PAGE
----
From the onset of a tumor to the appearance of clinical signs, it can take from several months to 4-5 years. Most patients at the time of admission to the pulmonology department present non-specific complaints of weakness, subfebrile condition, sweating, and weight loss. The diffuse form of pleural mesothelioma sometimes manifests with high fever and severe intoxication.
The cough is usually dry, hacking, however, with sprouting of the lung, the appearance of bloody sputum may be noted. Often, the phenomena of hypertrophic osteoarthropathy develop: defiguration of the fingers, bone pain, arthralgia and swelling of the joints.
With the development of tumor pleurisy, shortness of breath, pain in the corresponding half of the chest join. The pain syndrome can be quite pronounced and painful; possible irradiation of pain in the shoulder, shoulder blade, neck, abdomen. Shortness of breath and pain do not disappear even after the evacuation of the pleural exudate. Pleural effusion usually accumulates rapidly and in large quantities; it may be serous or hemorrhagic in nature. With limited mesothelioma of the pleura, local pain can be determined in the projection of the tumor node. In advanced stages, associated with germination and compression of neighboring structures by a tumor conglomerate, dysphonia and dysphagia, tachycardia, superior vena cava syndrome are detected.
Diagnosis of mesothelioma of the pleura
Plain chest radiography can only tentatively indicate pleural mesothelioma by such signs as the presence of massive hydrothorax, thickening of the parietal pleura, a decrease in the volume of the chest cavity, and displacement of the mediastinal organs. Ultrasound of the pleural cavity allows you to determine the volume of exudate in the pleural cavity, and after its evacuation, assess the condition of the serous membrane of the lung.
The final confirmation of the diagnosis and determination of the stage of pleural mesothelioma becomes possible after performing CT or MRI of the lungs. On tomograms, nodular thickening of the pleura and interlobar fissures, pleural effusion, germination of tumor masses in the chest wall, mediastinum, diaphragm, etc. are clearly visualized.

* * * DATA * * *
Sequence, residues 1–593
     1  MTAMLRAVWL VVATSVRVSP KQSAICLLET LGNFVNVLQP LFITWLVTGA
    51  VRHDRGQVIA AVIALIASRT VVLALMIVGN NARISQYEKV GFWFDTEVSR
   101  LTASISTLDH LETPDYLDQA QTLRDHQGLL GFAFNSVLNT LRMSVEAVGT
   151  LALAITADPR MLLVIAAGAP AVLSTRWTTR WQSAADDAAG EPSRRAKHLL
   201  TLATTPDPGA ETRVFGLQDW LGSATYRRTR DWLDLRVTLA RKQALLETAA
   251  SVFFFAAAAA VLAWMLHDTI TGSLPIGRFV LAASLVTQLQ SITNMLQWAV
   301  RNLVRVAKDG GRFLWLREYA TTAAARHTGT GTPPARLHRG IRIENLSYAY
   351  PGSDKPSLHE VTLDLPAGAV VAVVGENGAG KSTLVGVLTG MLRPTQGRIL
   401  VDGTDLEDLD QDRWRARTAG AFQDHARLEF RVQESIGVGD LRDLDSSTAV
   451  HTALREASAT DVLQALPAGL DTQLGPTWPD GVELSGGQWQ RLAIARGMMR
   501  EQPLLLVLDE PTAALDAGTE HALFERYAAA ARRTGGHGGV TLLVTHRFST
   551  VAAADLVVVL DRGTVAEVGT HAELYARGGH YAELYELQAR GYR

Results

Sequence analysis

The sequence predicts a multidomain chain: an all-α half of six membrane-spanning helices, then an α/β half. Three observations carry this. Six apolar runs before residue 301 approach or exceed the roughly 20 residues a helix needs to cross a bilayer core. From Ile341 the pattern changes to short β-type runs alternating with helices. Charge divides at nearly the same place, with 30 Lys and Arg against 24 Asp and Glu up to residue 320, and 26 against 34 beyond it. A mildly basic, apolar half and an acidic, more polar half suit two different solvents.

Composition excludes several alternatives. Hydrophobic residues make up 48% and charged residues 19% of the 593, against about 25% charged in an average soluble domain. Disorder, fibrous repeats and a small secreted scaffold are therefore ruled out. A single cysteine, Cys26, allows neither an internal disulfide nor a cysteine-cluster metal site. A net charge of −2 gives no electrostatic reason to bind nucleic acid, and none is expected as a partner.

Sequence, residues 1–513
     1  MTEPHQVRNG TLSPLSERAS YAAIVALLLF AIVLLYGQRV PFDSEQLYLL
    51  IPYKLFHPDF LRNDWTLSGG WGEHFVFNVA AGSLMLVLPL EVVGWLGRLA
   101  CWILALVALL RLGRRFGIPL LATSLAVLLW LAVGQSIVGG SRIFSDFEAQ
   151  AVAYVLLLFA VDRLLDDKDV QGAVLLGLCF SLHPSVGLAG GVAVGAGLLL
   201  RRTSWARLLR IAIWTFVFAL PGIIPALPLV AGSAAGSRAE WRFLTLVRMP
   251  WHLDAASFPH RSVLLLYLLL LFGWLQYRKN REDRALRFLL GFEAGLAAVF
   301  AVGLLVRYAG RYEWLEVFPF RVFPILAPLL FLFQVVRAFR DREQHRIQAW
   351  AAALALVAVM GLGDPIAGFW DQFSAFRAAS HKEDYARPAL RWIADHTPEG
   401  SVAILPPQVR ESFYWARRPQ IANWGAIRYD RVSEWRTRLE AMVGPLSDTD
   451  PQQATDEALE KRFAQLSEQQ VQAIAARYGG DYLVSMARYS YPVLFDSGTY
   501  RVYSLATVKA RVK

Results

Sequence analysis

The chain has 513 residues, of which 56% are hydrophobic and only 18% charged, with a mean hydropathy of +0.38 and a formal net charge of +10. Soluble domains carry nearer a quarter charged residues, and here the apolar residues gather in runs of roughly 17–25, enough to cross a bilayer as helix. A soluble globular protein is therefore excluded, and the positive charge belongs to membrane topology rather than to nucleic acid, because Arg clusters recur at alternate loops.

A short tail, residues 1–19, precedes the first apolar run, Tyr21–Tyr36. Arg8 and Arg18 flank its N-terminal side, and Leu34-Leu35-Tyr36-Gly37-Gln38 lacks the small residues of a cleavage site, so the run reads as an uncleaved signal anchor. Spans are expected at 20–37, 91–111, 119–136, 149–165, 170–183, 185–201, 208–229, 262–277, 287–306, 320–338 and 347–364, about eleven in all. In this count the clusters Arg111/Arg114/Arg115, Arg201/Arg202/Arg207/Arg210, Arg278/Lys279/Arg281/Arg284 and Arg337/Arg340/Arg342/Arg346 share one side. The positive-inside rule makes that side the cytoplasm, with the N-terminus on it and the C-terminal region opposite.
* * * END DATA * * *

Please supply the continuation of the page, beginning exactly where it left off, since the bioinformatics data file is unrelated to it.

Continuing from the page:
All cases of mesothelioma of the pleura, identified using radiation diagnostic methods, must be morphologically verified. The most accessible method for obtaining pleural contents for cytological analysis is thoracocentesis. If the test results are negative, a percutaneous biopsy of the parietal pleura is performed. However, the sensitivity of these methods averages only 50-60%. Therefore, the most reliable diagnostically are thoracoscopic or open biopsy. Diagnostic thoracoscopy not only provides visual control during material sampling, but also allows you to clarify the stage of the tumor process, assess the operability of the tumor, and also perform pleurodesis.
Treatment of pleural mesothelioma
With respect to pleural mesothelioma, almost all currently existing methods of antitumor treatment are used, but their effectiveness remains low. With the rapid accumulation of pleural effusion, unloading punctures (pleurocentesis), constant drainage of the pleural cavity with a microcatheter are performed.
With a local form of pleural mesothelioma, it is possible to use surgical tactics. The most radical is the performance of extrapleural pleuropneumoectomy, which is often supplemented by the removal of the lymph nodes of the lung and mediastinum, resection of the diaphragm and pericardium with their subsequent plasty. Mortality after such extensive operations is high – up to 25-30%. Palliative methods of surgical treatment for malignant lesions of the pleura are pleurectomy, talcum pleurodesis, pleuro-peritoneal shunting. Typically, such methods are used by thoracic surgeons for therapy-refractory pleurisy as a preparation for further therapy.
In most cases, pleural mesothelioma is treated with polychemotherapy (cisplatin + pemetrexed, cisplatin + gemcitabine, etc.). Perhaps intrapleural administration of chemotherapy drugs. Radiation therapy is usually not used as a method of self-treatment of pleural mesothelioma, but is used after the surgical stage, intraoperatively or symptomatically (to reduce pain). The combination of pleuropneumectomy with postoperative chemotherapy or radiation in some cases can increase survival up to several years. Other methods of treatment (photodynamic therapy, immunochemotherapy) also have no independent value.
Prognosis in mesothelioma
Pleural mesothelioma is one of the malignant tumors with a poor prognosis. Without treatment, the life expectancy of patients with pleural mesothelioma is about 6-8 months. However, the effectiveness of the treatment of this disease today is also not very high – the median survival is 13-15 months. The most promising is combined treatment (radical pleuropneumonectomy with adjuvant chemotherapy or radiation therapy) – in this case, life expectancy increases to 4 years or more. It is possible to prevent the development of pleural mesothelioma by eliminating contact with asbestos materials at work and at home.